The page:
where moralis has lost a vote. >> reporter: it is difficult for many people to remember a time when moralis wasn't president. it seems as though they have decided enough is enough and he won't be able to run again in 2019. he remains, however, a popular president. >> translation: he has been an excellent leader. he has transformed our politics. >> reporter: a few weeks ago the president yes campaign was well ahead but a strong opposition campaign alleging corruption in the governing party caused series damage. >> translation: they have shown a man that is not all powerful, he was replaceable and above albeitable. this has shown him to be a normal human being capable of
making mistakes. >> reporter: the country's first indigenous leader he came to power in 2006 promising radical change. he nationalised the gas and oil industries and gave a voice to women. there has been a huge impact that the country will never be the same again. while everyone is saying yes, yes, yes, believing you could have too much of a good thing that power corrupts or simply the healthy democracy needs frequent change. the yes campaign lost in the east of the country. that was no supplies. it was also defeated in regions where moralis had enjoyed massive report. it had lost touch with the people who brought it to power >> translation: there is no equality and justice. we have to change this government. >> translation: a lot of young people have seen how things are
in the other countries and that has influenced their thinking. >> reporter: the president gambled with this referendum. he will remain in power until elections in 2019. he will then have to step down and take a rest seven members of the second biggest rebel group in colombia have been killed in an air raid. it was targeted close to the border with venezuela. the leaders are involved in long running peace talks. they're in separate talks with the biggest group farc a fifth anniversary of the christchurch earthquake in new zealand. thousands attended a service in botanical gardens. all the names of 185 people killed in the disaster were killed out. a minute's silence was observed.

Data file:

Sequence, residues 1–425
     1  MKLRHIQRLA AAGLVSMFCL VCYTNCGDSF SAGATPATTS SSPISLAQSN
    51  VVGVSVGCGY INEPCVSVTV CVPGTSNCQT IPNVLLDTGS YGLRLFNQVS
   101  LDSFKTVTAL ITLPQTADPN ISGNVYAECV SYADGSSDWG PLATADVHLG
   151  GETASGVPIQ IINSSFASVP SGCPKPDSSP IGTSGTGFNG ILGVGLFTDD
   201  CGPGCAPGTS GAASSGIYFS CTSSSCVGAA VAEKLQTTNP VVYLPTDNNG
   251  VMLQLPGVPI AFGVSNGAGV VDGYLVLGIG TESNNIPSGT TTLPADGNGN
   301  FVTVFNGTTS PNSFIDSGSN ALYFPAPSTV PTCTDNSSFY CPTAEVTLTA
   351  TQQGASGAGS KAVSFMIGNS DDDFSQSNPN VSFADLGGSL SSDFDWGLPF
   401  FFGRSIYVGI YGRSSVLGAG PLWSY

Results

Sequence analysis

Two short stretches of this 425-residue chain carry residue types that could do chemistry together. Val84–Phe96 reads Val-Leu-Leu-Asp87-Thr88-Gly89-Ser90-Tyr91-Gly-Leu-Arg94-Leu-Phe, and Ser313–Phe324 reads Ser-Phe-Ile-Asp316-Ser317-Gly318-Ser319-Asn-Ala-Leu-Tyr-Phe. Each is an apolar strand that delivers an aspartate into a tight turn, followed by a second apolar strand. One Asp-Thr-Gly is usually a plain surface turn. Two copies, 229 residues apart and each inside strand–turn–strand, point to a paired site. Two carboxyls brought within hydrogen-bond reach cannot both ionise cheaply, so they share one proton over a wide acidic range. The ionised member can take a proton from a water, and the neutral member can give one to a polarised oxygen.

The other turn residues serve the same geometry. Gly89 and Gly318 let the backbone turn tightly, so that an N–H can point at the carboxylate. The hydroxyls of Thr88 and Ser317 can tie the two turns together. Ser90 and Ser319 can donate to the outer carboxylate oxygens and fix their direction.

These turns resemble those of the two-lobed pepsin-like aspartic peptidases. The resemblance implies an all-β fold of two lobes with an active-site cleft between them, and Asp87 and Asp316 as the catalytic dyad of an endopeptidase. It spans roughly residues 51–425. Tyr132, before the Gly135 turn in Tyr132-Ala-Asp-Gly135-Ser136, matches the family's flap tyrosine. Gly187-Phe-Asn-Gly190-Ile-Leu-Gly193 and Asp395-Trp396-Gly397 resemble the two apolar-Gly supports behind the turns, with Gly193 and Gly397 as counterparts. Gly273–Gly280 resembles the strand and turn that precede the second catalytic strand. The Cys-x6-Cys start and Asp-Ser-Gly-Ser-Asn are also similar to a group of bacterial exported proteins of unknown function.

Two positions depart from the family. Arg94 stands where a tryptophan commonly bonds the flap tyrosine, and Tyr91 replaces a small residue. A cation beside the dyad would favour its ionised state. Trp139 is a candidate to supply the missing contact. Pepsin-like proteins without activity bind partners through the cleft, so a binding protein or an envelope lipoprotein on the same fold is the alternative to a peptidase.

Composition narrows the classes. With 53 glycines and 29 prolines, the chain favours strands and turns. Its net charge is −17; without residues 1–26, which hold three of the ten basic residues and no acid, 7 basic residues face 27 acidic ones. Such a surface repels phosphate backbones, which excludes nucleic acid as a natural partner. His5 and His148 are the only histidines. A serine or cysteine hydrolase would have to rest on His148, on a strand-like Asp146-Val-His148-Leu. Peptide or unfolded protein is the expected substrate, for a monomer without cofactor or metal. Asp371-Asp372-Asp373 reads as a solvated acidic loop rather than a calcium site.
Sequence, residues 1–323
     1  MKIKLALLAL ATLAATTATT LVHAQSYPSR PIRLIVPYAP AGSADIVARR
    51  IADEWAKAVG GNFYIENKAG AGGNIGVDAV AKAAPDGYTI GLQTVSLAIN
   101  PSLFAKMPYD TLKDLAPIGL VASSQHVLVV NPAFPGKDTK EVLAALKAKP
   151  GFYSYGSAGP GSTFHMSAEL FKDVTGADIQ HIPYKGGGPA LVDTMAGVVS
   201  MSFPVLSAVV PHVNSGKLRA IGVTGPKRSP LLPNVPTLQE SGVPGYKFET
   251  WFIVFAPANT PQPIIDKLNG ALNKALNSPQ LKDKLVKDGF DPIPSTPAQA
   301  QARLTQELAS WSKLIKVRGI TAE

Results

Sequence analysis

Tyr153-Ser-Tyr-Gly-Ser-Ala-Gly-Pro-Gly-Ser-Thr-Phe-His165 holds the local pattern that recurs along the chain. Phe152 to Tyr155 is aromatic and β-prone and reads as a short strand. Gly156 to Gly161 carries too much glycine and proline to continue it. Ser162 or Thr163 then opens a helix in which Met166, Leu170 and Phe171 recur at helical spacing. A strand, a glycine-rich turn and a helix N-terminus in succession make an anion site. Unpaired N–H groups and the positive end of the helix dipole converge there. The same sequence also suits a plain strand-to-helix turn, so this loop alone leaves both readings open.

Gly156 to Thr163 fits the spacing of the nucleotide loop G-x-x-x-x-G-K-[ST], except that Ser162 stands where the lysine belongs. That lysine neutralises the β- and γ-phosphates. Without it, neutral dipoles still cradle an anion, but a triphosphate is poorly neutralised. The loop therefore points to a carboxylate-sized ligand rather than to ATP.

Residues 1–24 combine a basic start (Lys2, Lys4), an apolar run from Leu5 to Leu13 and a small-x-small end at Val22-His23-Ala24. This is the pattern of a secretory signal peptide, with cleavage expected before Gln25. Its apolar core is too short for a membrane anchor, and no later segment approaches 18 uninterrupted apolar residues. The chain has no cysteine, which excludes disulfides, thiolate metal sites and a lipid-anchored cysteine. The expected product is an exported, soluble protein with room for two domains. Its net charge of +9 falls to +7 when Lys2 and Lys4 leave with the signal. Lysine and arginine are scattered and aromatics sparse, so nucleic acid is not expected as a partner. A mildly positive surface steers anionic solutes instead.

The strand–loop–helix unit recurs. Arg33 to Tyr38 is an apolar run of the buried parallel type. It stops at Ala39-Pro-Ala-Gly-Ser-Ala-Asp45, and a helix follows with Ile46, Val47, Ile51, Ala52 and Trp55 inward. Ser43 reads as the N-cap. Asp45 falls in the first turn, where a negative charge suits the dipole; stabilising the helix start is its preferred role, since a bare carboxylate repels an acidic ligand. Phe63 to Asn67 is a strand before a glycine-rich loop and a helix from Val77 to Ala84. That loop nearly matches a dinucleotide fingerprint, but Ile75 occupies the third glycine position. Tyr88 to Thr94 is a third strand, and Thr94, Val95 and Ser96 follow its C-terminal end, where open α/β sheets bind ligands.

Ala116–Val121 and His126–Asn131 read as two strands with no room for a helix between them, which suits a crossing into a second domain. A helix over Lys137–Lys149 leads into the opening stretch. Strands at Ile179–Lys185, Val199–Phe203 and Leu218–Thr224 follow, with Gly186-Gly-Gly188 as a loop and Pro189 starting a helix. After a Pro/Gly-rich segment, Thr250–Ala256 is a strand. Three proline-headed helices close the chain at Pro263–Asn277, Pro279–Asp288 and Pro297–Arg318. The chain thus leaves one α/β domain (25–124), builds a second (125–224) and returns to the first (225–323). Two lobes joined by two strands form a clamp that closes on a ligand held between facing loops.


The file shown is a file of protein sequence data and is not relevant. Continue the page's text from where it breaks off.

australia's immigration minister says a refugee baby girl will be allowed to stay for now. she is being treated for burns in a hospital at brisbane. doctors were refusing to discharge the one year old. there were protests outside the hospital in support of that decision. she and her patterns are facing-- parents are facing deportation from australia to nauru. food shortages in venezuela are become so severe dozens of hens are being kept to lay eggs. a garden campaign is urging everyone to produce their own food. a plunge in the price of oil has further decreases. >> reporter: an oasis of vegetables. a public garden where venezuelans loyal to the government gather to learn how
to grow their own food. this woman is hoping to replicate what she learns here in her struggling community. >> translation: the price of the basic food items has risen out of control because of speculators and must go letters. -- smugglers. >> reporter: it is an idea that the government is taking seriously with widespread shortages and out of control inflation. so seriously that the president announced the creation of ministry of urban farming. >> translation: the fir >> reporter: just a few hours outside the capital in one rich agriculture land, one believe the president should focus on the plight of traditional farmers. >> translation: it is an interesting idea, but won't
solve the issues. >> reporter: there is a lack of seeds and herbicides. >> translation: the little we produce here is not enough to satisfy national demand. we used to be self sufficient in some items like r ice but that has gone >> reporter: the country can grow most of its own foods thanks to large expansion of fertile land, but through the years most of its agriculture has been abandoned and other farms like this have been taken and production has collapsed. >> reporter: this woman joined a cooperative of farmers a decade ago. production soared at the start, but if time they've left without resources. the little little they grow now is stolen by hungry neighbors. >> translation: there's nothing we can do to farm more.
i'm asking for all of us. we owe it to our president. what would he if he saw the level of abandonment? i think he would die again. >> reporter: the risk is turning into a full-blown humanitarian crisis if you want the very latest world news or, indeed, coverage of all stories, go to aljazeera.com tonight polls show a plurality that the americans agree with the libatarian point of view. should apple be forced to hack the iphone of a terrorist. my theory over supreme court justice antonin scalalia they thought they had a